Saturday, February 12, 2011
Arrival in Iran
1) The Lufthansa stewardess i talk to has never been to Iran before, either. The flight crew will stay one night in a hotel. They have the floor to themselves, so the women don't have to wear headscarves.
2) The airport is modern - soaring glass and steel.
3) The line up for passport control is long, but I am processed easily and quickly.
4) The man who meets me is pleasant, moustached and older. He smokes as soon as he gets outside. He offers me one first.
5) Outside, the air is polluted. Smog is visible in the electric gleam of the modern airport (Imam Khomeini International).
6) My greeter is mostly on his cell phone. We exchange a few words, and he puts me in a taxi. He must wait for more international guests - from Estonia, i think.
7) I try out my Farsi on the cab driver. I tell him i speak no Farsi. He smiles. He speaks no English.
8) I think about the places i've been where i have had no frame of reference. The only one that comes close is Uganda, when i first arrived there. Here, the feeling of alertness is similar, as is the lack of any codebook to read what I see, but the terrain and the smells are utterly different. Africa was verdant, humid, fresh smelling. Iran, at least at night, seems desolate. A modern highway through a flat, dry land. Lights flickering by, haloed by smog.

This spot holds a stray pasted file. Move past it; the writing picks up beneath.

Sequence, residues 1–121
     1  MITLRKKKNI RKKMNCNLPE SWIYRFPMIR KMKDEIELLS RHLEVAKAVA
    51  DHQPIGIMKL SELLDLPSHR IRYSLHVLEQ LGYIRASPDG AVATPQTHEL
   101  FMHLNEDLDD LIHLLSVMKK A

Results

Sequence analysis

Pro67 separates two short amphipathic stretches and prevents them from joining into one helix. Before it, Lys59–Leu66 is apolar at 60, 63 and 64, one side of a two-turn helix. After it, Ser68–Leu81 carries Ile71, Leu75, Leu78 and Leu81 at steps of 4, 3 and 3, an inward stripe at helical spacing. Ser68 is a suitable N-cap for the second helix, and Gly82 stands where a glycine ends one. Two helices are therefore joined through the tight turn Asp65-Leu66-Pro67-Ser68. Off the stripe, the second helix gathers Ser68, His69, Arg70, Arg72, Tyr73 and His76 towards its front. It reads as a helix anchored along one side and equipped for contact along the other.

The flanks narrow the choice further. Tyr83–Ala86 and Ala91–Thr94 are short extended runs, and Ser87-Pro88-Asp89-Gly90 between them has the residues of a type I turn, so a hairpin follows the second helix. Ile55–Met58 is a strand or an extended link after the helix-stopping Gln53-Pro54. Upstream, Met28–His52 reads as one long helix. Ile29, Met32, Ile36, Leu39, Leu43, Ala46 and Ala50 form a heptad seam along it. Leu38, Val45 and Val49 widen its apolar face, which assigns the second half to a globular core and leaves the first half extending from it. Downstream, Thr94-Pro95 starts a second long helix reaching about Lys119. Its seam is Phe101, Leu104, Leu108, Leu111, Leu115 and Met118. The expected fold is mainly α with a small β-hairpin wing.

9) And an electric palm tree made of orange light.
10) And two men dressed in dark clothes on the highway on a motorcycle with no back light.
11) And billboards floating by - advertising in arabic script, lit with extremely bright lights.
12) And, gradually appearing as we approach the city, buildings - buildings that are boxy and stained in pollution. At least on the outskirts. As if the whole city was built in 1965, and never washed.
13) An enormous, seemingly deserted prison (?). An old police helicopter anchored to a small building - the entrance to a museum? Russian and Japanese and French built cars.
14) The streets are deserted - it is almost 3am, the day after the national holiday commemorating the Islamic revolution. But I do see two men - first one, and five minutes later another - in fluorescent city-worker suits sweeping the sidewalks with huge handmade (i think) brooms. They look like witches' brooms, and dwarf the men using them. The city is stained, but the sidewalks are free of litter.
15) Ferdossi Grand Hotel. An oasis of light and cleanliness, in the pollution-stained street. I check in. The internet is down. I will need to wait to post this. My room has a king-sized bed, but also looks like it was decorated in 1965. Everything is clean, somewhat dilapidated and orange, brown, red and gold. I try to sleep. Tomorrow evening, I will begin seeing shows. What happens to me before that, I have no idea. I assume someone from the festival has a plan for me. But no one tells me anything. All will be well, Inshallah.